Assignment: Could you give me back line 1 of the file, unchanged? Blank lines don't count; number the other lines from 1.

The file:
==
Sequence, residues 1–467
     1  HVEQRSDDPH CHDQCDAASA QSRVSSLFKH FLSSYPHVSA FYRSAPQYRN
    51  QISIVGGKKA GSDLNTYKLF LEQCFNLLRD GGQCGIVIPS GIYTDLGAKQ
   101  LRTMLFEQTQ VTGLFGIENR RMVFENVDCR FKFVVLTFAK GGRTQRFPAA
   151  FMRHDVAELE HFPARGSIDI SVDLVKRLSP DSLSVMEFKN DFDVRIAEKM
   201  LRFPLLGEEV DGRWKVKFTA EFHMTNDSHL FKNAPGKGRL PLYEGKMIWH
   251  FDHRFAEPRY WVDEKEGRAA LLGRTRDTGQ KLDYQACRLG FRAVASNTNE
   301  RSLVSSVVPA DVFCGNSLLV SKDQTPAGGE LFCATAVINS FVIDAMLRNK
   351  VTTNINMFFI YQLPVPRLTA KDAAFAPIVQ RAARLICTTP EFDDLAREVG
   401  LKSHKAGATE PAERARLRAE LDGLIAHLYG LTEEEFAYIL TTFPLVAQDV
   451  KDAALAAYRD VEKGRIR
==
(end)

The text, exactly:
Sequence, residues 1–467